Need to Trim Corrections Spending, Governor? Stop Wasting Money on the Death Penalty!

By Natasha Minsker
ACLU of Northern California

If Gov. Schwarzenegger thinks he can cut $3.5 billion from state spending on corrections, he is being unrealistic and impractical.

In his state of the state address Wednesday, Gov. Schwarzenegger promised to restore the California dream by increasing funds for education and cutting funds for prisons in the budget proposal he releases today. That’s a great theory. But his only real proposal is to outsource prison administration to private companies. The state’s powerful prison guards’ union will ensure that plan fails. Meanwhile, the governor continues to slash education, health care, and other vital services.

So let’s consider something the governor can actually do right now to make a serious dent in the corrections budget: convert all 700 death sentences in California to permanent imprisonment saving the state $1 billion over the next five years.

CA Prison Agency Takes Step Towards Reform While Assembly Runs Scared

Natasha Minsker 1.jpgNatasha Minsker
Death Penalty Policy Director
ACLU of Northern California

The California Department of Corrections and Rehabilitation (CDCR) has been called a lot of things, but never a leader in criminal justice reform. Yet, last week the CDCR took a positive step towards dealing with our broken and excessively costly prisons system while Assembly Members continued to run in circles. It seems the Assembly has set the bar for leadership so low, even the CDCR has met it.

Wake Up CA Assembly! Who are You Punishing with this Prison Budget?

Natasha Minsker 1.jpgNatasha Minsker
Death Penalty Policy Director
ACLU of Northern California

I don’t know what they’re drinking in the Assembly in Sacramento, but it’s not the coffee we’ve been offering. Assembly members stumbled out of the chamber early Friday morning without voting on a bill that would reduce prison spending; a bill that is supported by the Republican Governor, the head of the Department of Corrections and Rehabilitation, and received an “aye” vote in the Senate on Thursday. One of the sticking points in the Assembly: the idea that we might reduce some petty thefts to misdemeanors, rather than crimes that can result in a prison sentence when charged as a felony.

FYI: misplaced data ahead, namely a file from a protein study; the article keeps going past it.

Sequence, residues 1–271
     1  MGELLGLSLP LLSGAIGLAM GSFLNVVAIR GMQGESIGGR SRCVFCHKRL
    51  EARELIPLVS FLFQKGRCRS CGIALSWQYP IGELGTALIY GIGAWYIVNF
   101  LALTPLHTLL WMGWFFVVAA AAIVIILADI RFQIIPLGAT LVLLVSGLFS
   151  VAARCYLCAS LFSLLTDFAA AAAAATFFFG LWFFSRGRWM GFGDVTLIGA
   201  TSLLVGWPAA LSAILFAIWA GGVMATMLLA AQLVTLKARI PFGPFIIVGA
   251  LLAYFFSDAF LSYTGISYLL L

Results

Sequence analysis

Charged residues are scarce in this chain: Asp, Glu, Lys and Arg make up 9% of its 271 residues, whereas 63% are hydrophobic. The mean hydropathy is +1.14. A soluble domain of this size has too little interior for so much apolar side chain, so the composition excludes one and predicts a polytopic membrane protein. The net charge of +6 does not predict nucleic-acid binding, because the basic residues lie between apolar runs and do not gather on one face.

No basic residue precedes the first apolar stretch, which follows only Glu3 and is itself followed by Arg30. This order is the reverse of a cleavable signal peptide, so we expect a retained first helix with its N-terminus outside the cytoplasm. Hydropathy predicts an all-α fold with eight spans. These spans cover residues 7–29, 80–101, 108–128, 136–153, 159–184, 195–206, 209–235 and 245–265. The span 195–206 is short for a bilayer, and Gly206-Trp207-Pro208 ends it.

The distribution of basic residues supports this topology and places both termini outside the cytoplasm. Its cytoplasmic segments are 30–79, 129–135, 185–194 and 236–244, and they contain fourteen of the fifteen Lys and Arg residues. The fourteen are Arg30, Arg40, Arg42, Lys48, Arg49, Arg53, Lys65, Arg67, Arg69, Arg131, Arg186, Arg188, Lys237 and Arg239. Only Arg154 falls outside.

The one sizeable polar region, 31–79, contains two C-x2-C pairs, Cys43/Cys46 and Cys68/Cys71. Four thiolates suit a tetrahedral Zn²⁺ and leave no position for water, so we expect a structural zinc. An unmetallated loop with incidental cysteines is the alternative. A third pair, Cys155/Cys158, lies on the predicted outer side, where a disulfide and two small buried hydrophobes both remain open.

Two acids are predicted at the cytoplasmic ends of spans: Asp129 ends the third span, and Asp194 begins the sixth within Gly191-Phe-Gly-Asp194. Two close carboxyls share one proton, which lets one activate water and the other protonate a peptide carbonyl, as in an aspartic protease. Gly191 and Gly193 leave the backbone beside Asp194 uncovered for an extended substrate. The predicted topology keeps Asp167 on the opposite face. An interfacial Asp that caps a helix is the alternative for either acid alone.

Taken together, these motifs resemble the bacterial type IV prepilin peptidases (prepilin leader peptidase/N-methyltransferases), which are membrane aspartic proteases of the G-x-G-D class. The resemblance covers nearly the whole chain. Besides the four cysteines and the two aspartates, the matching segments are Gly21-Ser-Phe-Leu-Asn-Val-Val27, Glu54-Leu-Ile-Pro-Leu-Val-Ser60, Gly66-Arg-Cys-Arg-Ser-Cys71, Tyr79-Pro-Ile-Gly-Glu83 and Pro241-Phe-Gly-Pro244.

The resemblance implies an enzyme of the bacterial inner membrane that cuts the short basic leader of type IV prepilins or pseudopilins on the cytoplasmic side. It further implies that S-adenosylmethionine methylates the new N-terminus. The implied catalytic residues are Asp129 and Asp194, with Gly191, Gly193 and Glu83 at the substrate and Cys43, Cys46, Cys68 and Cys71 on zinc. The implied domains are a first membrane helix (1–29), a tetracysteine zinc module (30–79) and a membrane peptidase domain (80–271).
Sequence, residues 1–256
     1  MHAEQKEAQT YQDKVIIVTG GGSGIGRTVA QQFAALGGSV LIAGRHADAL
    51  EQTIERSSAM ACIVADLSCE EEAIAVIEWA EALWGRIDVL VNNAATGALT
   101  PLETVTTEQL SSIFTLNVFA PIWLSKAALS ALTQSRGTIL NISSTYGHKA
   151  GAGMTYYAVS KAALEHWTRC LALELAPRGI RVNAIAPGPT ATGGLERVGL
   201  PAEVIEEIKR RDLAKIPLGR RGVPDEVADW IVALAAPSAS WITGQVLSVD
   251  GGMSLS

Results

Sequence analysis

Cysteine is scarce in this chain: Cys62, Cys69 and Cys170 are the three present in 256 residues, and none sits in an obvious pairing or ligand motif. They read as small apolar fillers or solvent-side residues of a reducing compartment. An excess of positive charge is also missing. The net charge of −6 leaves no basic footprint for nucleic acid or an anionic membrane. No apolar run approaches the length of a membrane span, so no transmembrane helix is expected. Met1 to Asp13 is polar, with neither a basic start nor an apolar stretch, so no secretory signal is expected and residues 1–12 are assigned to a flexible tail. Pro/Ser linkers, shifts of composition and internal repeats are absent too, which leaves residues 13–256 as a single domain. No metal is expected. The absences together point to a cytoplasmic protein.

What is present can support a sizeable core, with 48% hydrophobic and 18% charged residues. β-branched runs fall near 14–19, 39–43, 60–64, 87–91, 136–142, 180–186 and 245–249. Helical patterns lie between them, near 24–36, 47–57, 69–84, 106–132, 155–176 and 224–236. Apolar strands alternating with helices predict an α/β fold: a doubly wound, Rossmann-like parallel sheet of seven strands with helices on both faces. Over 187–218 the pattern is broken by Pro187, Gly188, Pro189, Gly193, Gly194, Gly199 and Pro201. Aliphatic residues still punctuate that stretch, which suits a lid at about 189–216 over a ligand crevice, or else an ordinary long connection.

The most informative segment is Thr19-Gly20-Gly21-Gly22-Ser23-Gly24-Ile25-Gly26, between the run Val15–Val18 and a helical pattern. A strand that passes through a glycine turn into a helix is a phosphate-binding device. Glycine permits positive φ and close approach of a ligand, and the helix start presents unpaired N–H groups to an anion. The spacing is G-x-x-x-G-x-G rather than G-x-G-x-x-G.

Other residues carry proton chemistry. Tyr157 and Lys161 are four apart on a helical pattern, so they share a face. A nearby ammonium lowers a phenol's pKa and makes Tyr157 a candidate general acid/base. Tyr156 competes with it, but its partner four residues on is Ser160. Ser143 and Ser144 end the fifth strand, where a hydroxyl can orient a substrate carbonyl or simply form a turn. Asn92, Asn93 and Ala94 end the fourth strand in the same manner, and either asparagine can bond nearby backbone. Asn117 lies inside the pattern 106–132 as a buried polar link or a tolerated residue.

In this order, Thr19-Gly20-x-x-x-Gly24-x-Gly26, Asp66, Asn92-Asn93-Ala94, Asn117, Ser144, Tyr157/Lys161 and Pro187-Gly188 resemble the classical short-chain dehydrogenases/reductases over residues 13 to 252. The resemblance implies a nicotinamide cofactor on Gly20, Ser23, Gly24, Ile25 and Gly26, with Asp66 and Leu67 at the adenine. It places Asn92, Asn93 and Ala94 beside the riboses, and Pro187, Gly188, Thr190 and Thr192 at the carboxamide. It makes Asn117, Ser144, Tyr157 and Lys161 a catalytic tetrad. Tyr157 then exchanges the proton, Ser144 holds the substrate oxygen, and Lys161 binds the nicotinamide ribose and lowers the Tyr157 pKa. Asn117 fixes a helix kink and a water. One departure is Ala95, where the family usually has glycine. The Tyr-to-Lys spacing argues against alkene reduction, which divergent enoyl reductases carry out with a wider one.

The People's Budget Fix

Natasha Minsker 1.jpgNatasha Minsker
Death Penalty Policy Director
ACLU of Northern California

The “Prison Population and Budget Reduction Package” proposed by the California Department of Corrections and Rehabilitation (CDCR) is like a drunk person walking home from a bar – it knows where it wants to go but oftentimes you find it stumbling off the sidewalk or turning down the wrong street. Since we believe budget cutting is no small feat and should be taken very seriously, especially in the wake of the prison riots in Chino and public safety needs, we’ve decided to pour the CDCR a strong cup of coffee and see if we can’t point the plan in a better direction.

Thousands Speak Out Against CA’s Costly and Broken Death Penalty

Natasha Minsker headshot 2007 1.jpgby Natasha Minsker
ACLU of Northern California

Last week, Californians had their first opportunity to speak out about the state’s execution procedures at an official state hearing. Thousands made their voices heard and their message was clear: it is time for California to replace its costly and broken death penalty and save the state $1 billion in the next five years.